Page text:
Immune boosting wild plants
In this current climate we are all searching for ways to boost our health and support our immune system to combat germs and fight the outbreak of the coronavirus. Natures larder is bursting with wild plants right now as we move into Spring and there is much to forage in the hedgerows and along the shoreline to make tinctures, teas and oils with or just add as health boosting ingredients to your usual meals. In this guide we are sharing a few of our favourite foraged plants that can be found in Spring that are reputed to help your immune system and fight infection.
Chickweed (Stellaria media)
Chickweed has long been used as a spring tonic for it’s cleansing and immune boosting powers, it has so many uses to provide support for our bodies as we come out of winter. Cleansing the liver and whole lymphatic system, chickweed also contains saponins, which help to increase the body’s ability to absorb nutrients. They also help the body fight cysts, benign tumors, and importantly at this time clearing any mucus in the respiratory system and congestion in the lungs. The list of health benefits are long and with chickweeds anti-inflammatory, antiseptic and antifungal properties this powerful plant can help with skin complaints when applied as a homemade salve too. Forage for chickweed in Spring, it is a very common weed and can be found amongst grasses and in fields, waste lands and woodlands.
Yarrow (Achillea millefolium)
Yarrow is reputed for it’s relief benefits for coughs and colds and due to it’s diaphoretic capacity Yarrow is also great for bringing down fevers. The whole plant can be used, including the stem and yarrow grows in fields, by roadsides and along the boundaries of wooded areas. It’s a delicate plant and has beautiful white aromatic flowers that come out in late spring and summer. Look out for it’s early feathery leaves amongst the grass in Spring time and make a soothing tea to help combat infections and support your immune system at this time.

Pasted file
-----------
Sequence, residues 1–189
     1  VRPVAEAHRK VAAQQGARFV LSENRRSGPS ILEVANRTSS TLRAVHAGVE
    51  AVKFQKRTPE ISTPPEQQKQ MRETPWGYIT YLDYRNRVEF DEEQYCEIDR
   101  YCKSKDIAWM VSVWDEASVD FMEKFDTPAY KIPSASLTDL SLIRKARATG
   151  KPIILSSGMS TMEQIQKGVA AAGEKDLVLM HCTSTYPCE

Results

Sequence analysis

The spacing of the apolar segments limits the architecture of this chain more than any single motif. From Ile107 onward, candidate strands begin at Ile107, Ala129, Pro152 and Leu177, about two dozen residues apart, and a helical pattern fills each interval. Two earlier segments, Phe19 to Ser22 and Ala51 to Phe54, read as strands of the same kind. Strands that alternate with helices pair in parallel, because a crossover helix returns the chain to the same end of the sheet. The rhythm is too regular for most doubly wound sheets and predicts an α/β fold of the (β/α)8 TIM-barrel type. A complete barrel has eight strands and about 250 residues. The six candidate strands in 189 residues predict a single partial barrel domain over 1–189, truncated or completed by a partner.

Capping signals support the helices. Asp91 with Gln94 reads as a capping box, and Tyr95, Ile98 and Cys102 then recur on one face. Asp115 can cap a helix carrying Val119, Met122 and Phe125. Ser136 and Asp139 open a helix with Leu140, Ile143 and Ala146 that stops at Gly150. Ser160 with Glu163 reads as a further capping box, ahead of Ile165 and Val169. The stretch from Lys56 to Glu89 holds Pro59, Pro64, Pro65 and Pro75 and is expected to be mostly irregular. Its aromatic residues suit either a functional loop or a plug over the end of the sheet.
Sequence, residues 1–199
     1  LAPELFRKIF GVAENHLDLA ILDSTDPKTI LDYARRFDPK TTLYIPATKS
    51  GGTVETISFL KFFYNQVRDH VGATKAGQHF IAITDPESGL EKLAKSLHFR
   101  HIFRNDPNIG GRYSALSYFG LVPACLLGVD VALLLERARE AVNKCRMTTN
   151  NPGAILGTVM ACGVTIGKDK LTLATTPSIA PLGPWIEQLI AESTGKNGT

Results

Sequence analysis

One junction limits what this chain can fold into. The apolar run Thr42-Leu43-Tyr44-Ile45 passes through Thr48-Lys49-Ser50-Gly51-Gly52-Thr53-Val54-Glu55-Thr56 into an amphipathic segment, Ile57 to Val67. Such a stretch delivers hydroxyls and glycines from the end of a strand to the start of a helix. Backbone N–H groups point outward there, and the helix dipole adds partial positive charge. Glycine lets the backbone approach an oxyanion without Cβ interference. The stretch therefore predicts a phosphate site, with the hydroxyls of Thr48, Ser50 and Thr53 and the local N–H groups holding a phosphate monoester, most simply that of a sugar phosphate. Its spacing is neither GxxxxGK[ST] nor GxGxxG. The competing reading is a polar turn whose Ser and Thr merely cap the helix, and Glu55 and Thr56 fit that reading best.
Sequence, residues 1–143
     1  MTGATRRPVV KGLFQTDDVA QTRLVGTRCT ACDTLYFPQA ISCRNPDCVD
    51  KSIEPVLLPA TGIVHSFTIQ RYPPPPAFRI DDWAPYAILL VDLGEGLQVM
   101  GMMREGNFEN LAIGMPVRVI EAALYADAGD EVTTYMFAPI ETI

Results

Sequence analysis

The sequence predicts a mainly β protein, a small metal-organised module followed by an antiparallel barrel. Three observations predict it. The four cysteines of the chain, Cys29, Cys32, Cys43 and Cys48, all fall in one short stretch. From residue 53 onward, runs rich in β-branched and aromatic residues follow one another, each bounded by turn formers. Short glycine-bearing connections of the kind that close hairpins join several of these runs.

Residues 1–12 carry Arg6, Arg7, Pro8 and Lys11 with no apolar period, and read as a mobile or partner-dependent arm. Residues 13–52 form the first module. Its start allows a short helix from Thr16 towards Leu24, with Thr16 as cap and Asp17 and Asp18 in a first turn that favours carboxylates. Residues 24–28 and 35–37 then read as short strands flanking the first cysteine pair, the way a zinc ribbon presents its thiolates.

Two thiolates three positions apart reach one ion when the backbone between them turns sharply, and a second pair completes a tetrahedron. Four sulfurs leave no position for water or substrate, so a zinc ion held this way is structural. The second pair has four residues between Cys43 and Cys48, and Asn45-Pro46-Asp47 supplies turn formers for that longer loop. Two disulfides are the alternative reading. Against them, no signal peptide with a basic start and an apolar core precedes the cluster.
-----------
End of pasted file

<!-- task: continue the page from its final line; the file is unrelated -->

Cleavers (Galium aparine)
Cleavers are one of the first wild herbs we find in spring around March and like many other plants like nettles this is the best time to pick Cleavers as they are young and tender. Well known for their medicinal properties, cleavers stimulate your lymph nodes to cleanse and nourish your blood to clear toxins, this helps our immune system to function better, transporting infection-fighting white blood cells, throughout the body. Cleavers are prolific and grow everywhere, by verges, in the garden, along paths. They are an easy forage and can be used to make cleaver tea or tinctures, or add them to salsas or pestos. See our cleaver salsa verde recipe here.
Foraged tinctures, teas and oils
Foraged Tincture recipe: The typical ratio for fresh tinctures is 1 part plant to 2 parts alcohol, at an alcohol content of 50%. Leave in a cool dark place for 4 weeks, recommended dose is 20 – 75 drops up to 4 times daily. You can also combine herbs and use vinegar instead of alcohol, if using this method use 1:4 ratio.
Foraged Oil recipe: Infused oils and salves can be created at home using a ratio of 1 part plant to 3 parts oil. The plant needs to be wilted overnight first, we prefer to use coconut or olive oil, warm over a low heat for at least 6-8hrs and then strain. A salve can also be made from the oil.
Foraged Tea recipe: Teas using foraged plants are made up of a ratio of 1 part herb to 10 parts water. Simple add the herb to boiling water and infuse for around 10-15 minutes before straining. 1 -3 cups a day.
All foraged herbs can be made into tinctures, teas or oils. We hope you give them a try and this small foraging guide is helpful to you and your health at this time. There are plenty more foraging guides on our blog and we host foraging courses all year round in Dorset so if this kickstarts a new interest we hope you join us on a course in the future to learn more about wild plants and how foraging can help you with your health and wellbeing.
At this time even in line with the recommended social distancing try to get outdoors, nature really is a healer and there are lots of resources and books that we can recommend so please ask any questions, stay safe x